Maul used the Collective to overtake Mandalore, reinstating the former Prime Minister as his puppet. Knowing about the history between Obi-Wan and Duchess Satine, Maul assumed that the Jedi would come to her rescue. He reliably appeared, and Maul took that opportunity to exact his revenge: He murdered Satine in front of Obi-Wan. The Jedi Master still escaped with the help of the Duchess’s sister due to the unexpected arrival of Darth Sidious, who decided that it was finally time to put an end to his former apprentice’s coup. Murdering Savage with little difficulty, Sidious captured Maul and tortured him for the insolence of believing that he could ever replace a true Sith Lord.

The Darth Maul — Son of Dathomir comic series provided an end to this arc, as it was adapted from scripts for the seventh season of The Clone Wars (which was canceled after season six). Due to Sidious’s careful planning, Dathomir was attacked by the Separatists, and the Shadow Collective fell. Maul escaped and hid with a few loyal fighters on Mandalore, but the planet was liberated by Anakin Skywalker’s former Padawan Ahsoka Tano near the end of the Clone War, and he was forced to flee.

All of which fits more or less seamlessly with his Solo appearance. The movie picks up about ten years after the events of Son of Dathomir and ten before the action in A New Hope, and it appears that Maul got back into his crime streak, using the lessons of his Shadow Collective career to get back on top of the underworld. People who are only used to seeing him as a Sith in The Phantom Menace may find it surprising to see Maul (who is billed only as “Maul” in the credits, implying that he got rid of the “Darth” at some point) soiling himself in criminality. But it’s a logical extension of character moves that date back to the days when George Lucas was still in charge of Lucasfilm. It appears that his mob career was not to last, however — just a few years later, he was back in the Force stream of things. We know this due to his appearances in The Clone Wars’ follow-up series, Star Wars: Rebels, which recently killed him off again, seemingly for good.

The show covers the five-year period leading up to A New Hope. In the two-part finale of season two, “Twilight of the Apprentice,” Ahsoka Tano, Padawan learner Ezra Bridger, and his master Kanan Jarrus were directed to an ancient Sith stronghold on planet Malachor on the advice of Master Yoda. Once there, Ezra encountered a mysterious figure who insisted on being called “Old Master.” This turned out to be Maul, who crashed on Malachor years prior and wound up stuck there. Working to gain Ezra’s trust, he convinced the boy to retrieve a Sith holocron, a compendium of Dark Side knowledge, but the ensuing battle saw Kanan and Ezra escaping with that prize rather than Maul.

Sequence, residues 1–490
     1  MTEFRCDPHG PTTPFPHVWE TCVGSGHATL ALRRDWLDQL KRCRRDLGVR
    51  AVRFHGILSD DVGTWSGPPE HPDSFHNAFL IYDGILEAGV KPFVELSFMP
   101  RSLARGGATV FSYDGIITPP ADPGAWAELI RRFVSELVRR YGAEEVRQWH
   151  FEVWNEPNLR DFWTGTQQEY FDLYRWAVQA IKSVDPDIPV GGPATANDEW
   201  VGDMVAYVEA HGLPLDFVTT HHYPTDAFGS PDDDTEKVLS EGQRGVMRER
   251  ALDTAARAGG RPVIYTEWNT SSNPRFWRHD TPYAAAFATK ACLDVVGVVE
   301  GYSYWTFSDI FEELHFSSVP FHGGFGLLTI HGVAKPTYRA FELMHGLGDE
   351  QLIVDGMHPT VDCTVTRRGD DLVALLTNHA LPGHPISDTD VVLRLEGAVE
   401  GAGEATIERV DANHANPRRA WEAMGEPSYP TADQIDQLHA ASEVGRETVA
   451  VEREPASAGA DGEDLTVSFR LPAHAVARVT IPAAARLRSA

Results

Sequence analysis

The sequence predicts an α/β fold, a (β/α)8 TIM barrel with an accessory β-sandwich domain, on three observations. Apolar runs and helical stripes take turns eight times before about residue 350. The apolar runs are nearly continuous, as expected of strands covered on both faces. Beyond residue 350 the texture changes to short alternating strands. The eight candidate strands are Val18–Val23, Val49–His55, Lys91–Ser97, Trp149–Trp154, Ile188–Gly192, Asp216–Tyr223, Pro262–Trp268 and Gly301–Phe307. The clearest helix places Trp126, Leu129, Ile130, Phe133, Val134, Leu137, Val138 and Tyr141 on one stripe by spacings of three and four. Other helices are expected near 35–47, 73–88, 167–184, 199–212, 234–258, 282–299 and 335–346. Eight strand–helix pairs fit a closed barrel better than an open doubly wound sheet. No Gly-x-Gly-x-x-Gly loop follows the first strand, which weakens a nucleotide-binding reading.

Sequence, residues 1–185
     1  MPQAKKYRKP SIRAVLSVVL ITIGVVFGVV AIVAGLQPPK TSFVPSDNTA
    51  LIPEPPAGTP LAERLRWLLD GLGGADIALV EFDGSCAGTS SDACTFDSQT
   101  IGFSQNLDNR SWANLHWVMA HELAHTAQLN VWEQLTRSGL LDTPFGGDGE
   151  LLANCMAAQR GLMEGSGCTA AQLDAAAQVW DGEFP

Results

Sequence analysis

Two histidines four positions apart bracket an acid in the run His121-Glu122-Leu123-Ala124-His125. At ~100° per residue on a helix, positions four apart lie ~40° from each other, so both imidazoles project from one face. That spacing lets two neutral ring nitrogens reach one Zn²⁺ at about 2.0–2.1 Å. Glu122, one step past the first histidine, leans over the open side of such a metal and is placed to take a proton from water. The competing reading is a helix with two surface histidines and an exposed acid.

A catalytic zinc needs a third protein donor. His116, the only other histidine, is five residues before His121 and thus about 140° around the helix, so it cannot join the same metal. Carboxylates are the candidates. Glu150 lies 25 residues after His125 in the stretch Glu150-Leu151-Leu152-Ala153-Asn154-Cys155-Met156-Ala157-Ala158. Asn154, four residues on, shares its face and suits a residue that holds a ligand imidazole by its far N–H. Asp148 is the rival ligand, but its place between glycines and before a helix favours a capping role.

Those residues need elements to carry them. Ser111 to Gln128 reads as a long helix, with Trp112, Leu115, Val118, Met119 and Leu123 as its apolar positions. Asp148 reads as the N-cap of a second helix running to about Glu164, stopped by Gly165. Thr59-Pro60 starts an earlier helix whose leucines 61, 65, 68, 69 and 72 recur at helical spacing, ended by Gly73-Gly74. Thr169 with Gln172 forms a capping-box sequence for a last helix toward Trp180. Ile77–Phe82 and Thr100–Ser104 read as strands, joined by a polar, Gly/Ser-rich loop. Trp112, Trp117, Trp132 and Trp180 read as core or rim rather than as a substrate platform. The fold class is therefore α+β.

In the episode “Holocrons of Fate,” at the start of Rebels’ third season, Maul kidnapped Kanan and Ezra’s friends, threatening to kill the group if they didn’t bring the Sith holocron back to him — and Kanan’s Jedi holocron as well. While Kanan was busy trying to rescue their crew, Maul convinced Ezra to unlock both holocrons with him, an act that would grant them each an answer to any question. Once opened, the holocrons delivered a startling revelation: Obi-Wan Kenobi was still alive. Ezra was determined to find the Jedi Master before Maul could kill him.

He didn’t have to work hard; in the episode “Twin Suns,” Ezra did finally come face-to-face with Master Kenobi, who quickly sent him on his way — he knew that Maul was hunting him, and he was prepared to settle their differences once and for all. Maul confronted the Jedi soon after, belittling his life in exile. Obi-Wan refused to rise to his bait until Maul deduced the truth: he was protecting someone on the backwater world. Master Kenobi ignited his lightsaber, and a brief but dizzyingly precise battle ensued. Maul was cut down — again — by his old adversary. In his final moments, he asked Obi-Wan if the person he was protecting was the prophesied Chosen One. Obi-Wan answered in the affirmative. Darth Maul’s last thought before dying in arms of his mortal enemy was that this Chosen One would avenge them both. He could finally let go.

The work done by both The Clone Wars and Rebels enriched the Star Wars universe because both shows were able to take time and fully develop underwritten characters like Darth Maul. From a master combatant of few words to a Sith castaway and Dathomir’s prodigal son, his adventures beyond the realm of The Phantom Menace belie potential that the prequels wasted. With his story firmly established elsewhere, folding him back into the Star Wars cinematic pantheon was a necessary step in giving the acrobatic adversary his due.

Let’s Talk About That Crazy Solo: A Star Wars Story Cameo